The Great Rock 'n' Roll Swindle was a somewhat misjudged and enormously cynical film spun off from the brief career of the Sex Pistols, a supposedly post-modern commentary upon their success which missed the point that, beyond the somewhat clueless and entirely extraneous bullshit of one particularly talentless manager, the band and their music were just about the least cynical ripple to pass across the music industry pond for some time. The confusion may arise from a misconception of cynicism and pointing out when something is a bit shit as necessarily being the same thing; and I doubt it helped that this one band was so heavily mythologised in its day, all that banging on about Situationism and the sodding boat trip: sure the Sex Pistols were significant, and Never Mind The Bollocks is still my year zero, the point at which pop music became self aware and thus conscious of sometimes having turned up to school in the nude - a theory that admittedly probably doesn't stand up to close inspection; but significant or not, they hardly deserved all the smart-arsed conceptual baggage.

In the presumed spirit of Sue Catwoman action figures, Fatty Jones chocolates, and the Sid Vicious Family Album, someone noticed an unscraped patch at the bottom of the barrel and asked Michael Moorcock to write the book of the film, bizarrely resulting in just about the only good thing to come out of the whole mess, at least until Julien Temple decided it was time he said sorry.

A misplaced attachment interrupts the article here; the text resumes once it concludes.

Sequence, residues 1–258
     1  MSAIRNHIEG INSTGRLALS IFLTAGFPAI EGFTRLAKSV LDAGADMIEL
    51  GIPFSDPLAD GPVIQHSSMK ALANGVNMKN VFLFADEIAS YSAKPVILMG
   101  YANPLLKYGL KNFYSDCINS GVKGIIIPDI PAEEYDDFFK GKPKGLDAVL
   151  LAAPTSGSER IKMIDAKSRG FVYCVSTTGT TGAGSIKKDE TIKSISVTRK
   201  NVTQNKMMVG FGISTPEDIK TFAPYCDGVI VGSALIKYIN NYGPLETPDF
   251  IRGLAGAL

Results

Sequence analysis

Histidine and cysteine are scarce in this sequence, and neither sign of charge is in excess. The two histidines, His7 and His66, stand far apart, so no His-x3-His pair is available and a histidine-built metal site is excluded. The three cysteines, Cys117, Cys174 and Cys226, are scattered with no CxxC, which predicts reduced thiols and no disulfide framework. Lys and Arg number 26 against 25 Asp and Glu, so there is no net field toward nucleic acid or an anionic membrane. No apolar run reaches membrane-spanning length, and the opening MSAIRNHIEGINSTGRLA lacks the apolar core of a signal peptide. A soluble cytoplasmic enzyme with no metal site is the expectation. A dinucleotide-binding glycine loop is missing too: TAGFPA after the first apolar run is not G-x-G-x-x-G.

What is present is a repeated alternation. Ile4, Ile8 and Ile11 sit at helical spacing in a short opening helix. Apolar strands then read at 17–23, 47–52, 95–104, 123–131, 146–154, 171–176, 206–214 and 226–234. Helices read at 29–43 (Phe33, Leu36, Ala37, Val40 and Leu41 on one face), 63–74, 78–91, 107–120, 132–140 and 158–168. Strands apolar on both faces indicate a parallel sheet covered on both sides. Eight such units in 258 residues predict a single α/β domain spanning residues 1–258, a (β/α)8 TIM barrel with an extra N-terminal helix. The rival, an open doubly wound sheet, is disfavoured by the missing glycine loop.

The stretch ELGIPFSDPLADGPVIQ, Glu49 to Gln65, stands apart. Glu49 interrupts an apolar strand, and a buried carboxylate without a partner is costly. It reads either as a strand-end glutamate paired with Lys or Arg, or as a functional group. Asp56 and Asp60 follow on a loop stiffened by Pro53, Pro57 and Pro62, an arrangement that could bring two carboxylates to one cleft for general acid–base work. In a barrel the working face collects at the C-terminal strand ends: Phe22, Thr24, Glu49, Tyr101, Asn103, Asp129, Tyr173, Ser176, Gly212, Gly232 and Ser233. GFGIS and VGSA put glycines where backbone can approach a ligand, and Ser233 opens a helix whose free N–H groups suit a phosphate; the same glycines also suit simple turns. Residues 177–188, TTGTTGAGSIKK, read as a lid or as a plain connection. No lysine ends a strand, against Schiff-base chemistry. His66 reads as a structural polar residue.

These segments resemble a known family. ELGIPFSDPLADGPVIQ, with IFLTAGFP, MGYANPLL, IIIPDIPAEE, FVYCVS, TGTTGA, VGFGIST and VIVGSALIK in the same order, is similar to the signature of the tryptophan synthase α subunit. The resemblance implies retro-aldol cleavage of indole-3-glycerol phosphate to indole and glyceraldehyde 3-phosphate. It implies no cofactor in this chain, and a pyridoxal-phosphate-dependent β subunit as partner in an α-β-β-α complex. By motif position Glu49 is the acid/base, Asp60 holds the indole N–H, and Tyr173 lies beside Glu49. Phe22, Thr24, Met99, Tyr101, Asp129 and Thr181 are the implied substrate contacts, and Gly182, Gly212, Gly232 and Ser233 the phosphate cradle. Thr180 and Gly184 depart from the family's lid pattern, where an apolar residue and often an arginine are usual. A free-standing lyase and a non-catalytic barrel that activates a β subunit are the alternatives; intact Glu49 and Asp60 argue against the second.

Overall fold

Moorcock being Moorcock recycles some of the script, pasting in Jerry Cornelius and a few of his own regulars to come up with something new, a trick akin to a pretty decent beef bourguignon somehow cobbled together from leftover turkey twizzlers and tomato ketchup. The original structure appears more or less intact, or at least there's something resembling the original structure with Steve Jones, Paul Cook, Helen of Troy, Tenpole Tudor, Irene Handl and Lemmy from Motorhead scurrying around inside the workings; plus there's post-mortem cameos from Sid Vicious, Nestor Makhno, Oscar Wilde, and Jesus Christ himself all shooting the heavenly breeze. The story is impressionistic, suggesting narrative rather than actively following it, but nevertheless making all the points the film aspired to make but didn't due to the taint of Gingerbollocks, the failed art student hanging around like a creepy uncle at a wedding proclaiming  something to be Dickensian every five fucking seconds and explaining how it had all been part of his wearyingly chaotic plan, little realising that he's been telling all this to the one guest who doesn't actually speak English or give a shit.

Moorcock's Great Rock 'n' Roll Swindle, unlike McLaren's, is short, sweet, funny, and doesn't treat anyone like an idiot.

Friday, 3 August 2012

Virtual Light

William Gibson Virtual Light (1993)
I'm beginning to get an impression of William Gibson as a writer who grew into his reputation over a number of years. Whilst his prose has remained consistently erudite and dazzling, I've tended to find his earlier writing somewhat irritating - all style and little substance - in contrast to more recently meatier efforts. I've yet to familiarise myself with the allegedly amazing Neuromancer so clearly this may be something of a generalisation, but what pleasure I've thus far derived from each Gibson novel has corresponded directly to its age. The short stories collected in 1986 as Burning Chrome were mostly piffle, 2003's Pattern Recognition was a thing of great beauty, and that seems to be how it works. By this equation Virtual Light should therefore represent an improvement on Mona Lisa Overdrive without being quite so good as Idoru, and weirdly this turns out to be roughly true.